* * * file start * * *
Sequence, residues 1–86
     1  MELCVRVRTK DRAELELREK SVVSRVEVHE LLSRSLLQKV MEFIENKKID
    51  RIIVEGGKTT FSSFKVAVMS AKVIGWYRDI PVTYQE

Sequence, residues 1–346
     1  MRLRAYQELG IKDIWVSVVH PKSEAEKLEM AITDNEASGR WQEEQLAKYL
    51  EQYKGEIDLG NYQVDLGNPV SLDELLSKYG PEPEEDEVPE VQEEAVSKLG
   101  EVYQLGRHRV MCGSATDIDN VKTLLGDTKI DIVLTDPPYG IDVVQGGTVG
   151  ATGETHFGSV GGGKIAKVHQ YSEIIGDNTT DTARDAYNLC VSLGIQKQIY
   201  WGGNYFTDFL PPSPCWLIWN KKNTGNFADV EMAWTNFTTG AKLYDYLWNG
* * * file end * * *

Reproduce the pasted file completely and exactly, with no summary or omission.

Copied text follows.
Sequence, residues 1–86
     1  MELCVRVRTK DRAELELREK SVVSRVEVHE LLSRSLLQKV MEFIENKKID
    51  RIIVEGGKTT FSSFKVAVMS AKVIGWYRDI PVTYQE

Sequence, residues 1–346
     1  MRLRAYQELG IKDIWVSVVH PKSEAEKLEM AITDNEASGR WQEEQLAKYL
    51  EQYKGEIDLG NYQVDLGNPV SLDELLSKYG PEPEEDEVPE VQEEAVSKLG
   101  EVYQLGRHRV MCGSATDIDN VKTLLGDTKI DIVLTDPPYG IDVVQGGTVG
   151  ATGETHFGSV GGGKIAKVHQ YSEIIGDNTT DTARDAYNLC VSLGIQKQIY
   201  WGGNYFTDFL PPSPCWLIWN KKNTGNFADV EMAWTNFTTG AKLYDYLWNG